The Role of Microbiome

As our body develops through aging and changes in environment from day to day, so does our bacteria, genes and hormone control. The microbiome are a group of microbes that are present within our body to help us adjust to environmental and physiological changes. They make up approximately 1-3% of our body mass and begin to colonise on the first day of birth and have adapted and changed with respect to our lifestyle changes, for example when we are exposed to illness, disease, stress and most importantly our changes in nutritional need. More drastic adaptations occur when our body goes through puberty, pregnancy or menopause due the large hormonal shift. However, since this microbes inside our body play such mechanistic roles in maintaining homeostasis, as we age, the microbe population does tend to decrease and this has been the spectrum of much scientific interest, whether microbiome changes increase the risk of diseases.

Scientists in the field have discovered some significant roles that the microbiome has in the body. It has been found to be essential for human development, immunity, nutritional needs and most recently scientists believe that having a dysfunctional microbiome may link to a variety of autoimmune diseases such as type I diabetes, rheumatoid arthritis, muscular dystrophy and multiple sclerosis. The cause of such diseases have been hypothesised that the dysfunctional microbiome has accumulated over time, changing gene expression and metabolic processes within the body triggering an abnormal immune response. Moreover, environmental susceptibility to infectious diseases can contribute to microbiome changes and create chronic illnesses of the GIT, for example Inflammatory Bowel Disease. Due to such importance of the uprising discovering of the microbiome, researchers have been and are continuing to map the human microbiome to provide possible treatment programs and to find causes for certain diseases. By mapping the microbiome map, it enables us to figure out which are the “good” and “bad” bacteria that can either protect or harm us.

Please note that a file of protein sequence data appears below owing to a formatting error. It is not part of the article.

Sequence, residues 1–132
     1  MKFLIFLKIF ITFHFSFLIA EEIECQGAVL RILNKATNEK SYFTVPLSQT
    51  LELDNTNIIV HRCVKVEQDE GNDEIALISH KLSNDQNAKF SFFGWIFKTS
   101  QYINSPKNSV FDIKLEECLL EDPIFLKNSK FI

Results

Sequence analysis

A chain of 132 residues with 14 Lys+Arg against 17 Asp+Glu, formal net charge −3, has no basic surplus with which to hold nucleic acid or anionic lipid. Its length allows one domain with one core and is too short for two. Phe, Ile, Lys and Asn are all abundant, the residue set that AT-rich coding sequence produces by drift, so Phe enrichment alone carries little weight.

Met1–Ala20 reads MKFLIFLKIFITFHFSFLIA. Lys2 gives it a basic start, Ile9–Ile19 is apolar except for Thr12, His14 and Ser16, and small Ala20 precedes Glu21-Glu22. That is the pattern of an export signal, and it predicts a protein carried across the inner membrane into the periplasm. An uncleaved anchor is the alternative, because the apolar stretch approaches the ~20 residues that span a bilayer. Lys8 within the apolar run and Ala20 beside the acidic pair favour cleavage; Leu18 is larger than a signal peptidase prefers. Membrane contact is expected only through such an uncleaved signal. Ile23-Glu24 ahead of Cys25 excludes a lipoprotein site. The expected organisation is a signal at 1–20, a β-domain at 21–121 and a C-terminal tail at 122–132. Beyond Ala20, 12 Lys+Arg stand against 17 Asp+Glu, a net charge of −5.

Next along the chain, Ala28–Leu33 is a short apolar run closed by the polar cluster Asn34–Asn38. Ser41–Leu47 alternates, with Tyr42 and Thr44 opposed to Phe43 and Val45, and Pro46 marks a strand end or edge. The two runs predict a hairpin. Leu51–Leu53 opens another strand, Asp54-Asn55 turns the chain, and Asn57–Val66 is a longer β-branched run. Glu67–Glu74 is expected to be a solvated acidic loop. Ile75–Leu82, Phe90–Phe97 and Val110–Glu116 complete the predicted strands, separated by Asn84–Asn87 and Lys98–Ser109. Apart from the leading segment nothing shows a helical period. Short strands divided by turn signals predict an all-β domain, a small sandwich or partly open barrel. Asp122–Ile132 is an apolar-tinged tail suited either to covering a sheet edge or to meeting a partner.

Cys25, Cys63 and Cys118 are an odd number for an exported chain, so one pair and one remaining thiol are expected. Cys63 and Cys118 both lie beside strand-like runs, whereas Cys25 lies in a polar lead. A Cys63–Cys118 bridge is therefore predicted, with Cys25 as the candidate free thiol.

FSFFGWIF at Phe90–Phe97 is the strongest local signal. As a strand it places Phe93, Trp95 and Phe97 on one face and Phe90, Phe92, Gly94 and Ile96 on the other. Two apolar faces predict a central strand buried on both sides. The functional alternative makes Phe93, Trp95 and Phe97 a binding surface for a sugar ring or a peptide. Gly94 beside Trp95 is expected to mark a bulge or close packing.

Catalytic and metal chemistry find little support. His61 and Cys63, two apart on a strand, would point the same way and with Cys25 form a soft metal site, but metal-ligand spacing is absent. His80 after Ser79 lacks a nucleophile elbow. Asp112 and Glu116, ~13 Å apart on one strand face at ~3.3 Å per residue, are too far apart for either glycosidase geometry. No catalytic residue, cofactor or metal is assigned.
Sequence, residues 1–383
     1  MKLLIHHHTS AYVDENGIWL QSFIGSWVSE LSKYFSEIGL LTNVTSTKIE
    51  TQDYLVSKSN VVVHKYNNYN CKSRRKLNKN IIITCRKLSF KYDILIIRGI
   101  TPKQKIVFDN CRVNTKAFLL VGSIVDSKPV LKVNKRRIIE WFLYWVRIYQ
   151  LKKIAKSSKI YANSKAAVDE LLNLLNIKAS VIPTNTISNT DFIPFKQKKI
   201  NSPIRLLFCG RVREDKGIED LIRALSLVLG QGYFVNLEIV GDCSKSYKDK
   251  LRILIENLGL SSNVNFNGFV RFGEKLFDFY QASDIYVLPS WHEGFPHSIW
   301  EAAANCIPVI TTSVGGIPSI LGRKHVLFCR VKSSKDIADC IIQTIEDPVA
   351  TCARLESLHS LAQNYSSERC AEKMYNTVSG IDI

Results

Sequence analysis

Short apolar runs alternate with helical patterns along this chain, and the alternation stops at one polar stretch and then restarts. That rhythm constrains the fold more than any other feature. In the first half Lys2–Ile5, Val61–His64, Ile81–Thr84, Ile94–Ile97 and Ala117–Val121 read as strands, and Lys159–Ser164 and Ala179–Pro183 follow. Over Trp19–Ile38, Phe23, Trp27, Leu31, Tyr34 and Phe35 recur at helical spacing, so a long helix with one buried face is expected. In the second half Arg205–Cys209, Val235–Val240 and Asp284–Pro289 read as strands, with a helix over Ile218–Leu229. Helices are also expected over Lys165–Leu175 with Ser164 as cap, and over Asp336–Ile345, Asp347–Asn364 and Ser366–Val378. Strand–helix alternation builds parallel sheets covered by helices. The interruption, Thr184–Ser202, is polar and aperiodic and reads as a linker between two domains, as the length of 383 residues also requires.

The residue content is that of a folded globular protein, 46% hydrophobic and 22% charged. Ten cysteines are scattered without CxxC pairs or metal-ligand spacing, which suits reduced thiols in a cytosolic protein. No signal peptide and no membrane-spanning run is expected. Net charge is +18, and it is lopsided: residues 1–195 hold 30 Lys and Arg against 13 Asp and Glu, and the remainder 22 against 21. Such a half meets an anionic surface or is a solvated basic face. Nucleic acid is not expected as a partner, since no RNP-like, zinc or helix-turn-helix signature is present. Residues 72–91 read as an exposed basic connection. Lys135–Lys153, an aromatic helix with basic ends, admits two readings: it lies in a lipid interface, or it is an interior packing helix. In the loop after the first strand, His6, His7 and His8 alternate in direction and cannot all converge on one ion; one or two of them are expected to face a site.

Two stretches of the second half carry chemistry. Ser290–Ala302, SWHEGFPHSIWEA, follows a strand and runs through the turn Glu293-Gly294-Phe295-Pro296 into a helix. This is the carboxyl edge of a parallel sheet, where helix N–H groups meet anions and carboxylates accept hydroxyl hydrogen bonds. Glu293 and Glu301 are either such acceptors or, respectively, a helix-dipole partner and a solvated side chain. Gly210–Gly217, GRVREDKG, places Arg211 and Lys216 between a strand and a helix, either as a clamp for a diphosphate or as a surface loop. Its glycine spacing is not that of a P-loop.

As many attempts to mapping have been done, a great obstacle lies in between the end of mapping finish line and of course, scientists walking the map. The microbiome variability between individuals have been the greatest obstacle as there can be so many different things such as environment and genetics that most definitely varies from person to person. The microbes will vary with gender, diet, climate, age, hygiene, occupation, social background; you name it. Whatever happens in our lives, the microbiome will walk together with us. Therefore, if we are able to fully map the microbiome pathway it can give us a clear indication on the biochemical pathways that are also varied through our physiological changes.

Since our body is large with many biochemical reactions continually running from seconds to seconds, so does our microbiome. The bacteria variety within our microbiota is large with many different types specifying to a particular type of disease. For example, type II diabetes are associated with bacteroides and ruminococcus species and very severe types of type II diabetes are considered to be associated with bacteria such as faecalibacterium praunitzii and bidiobacterium.  

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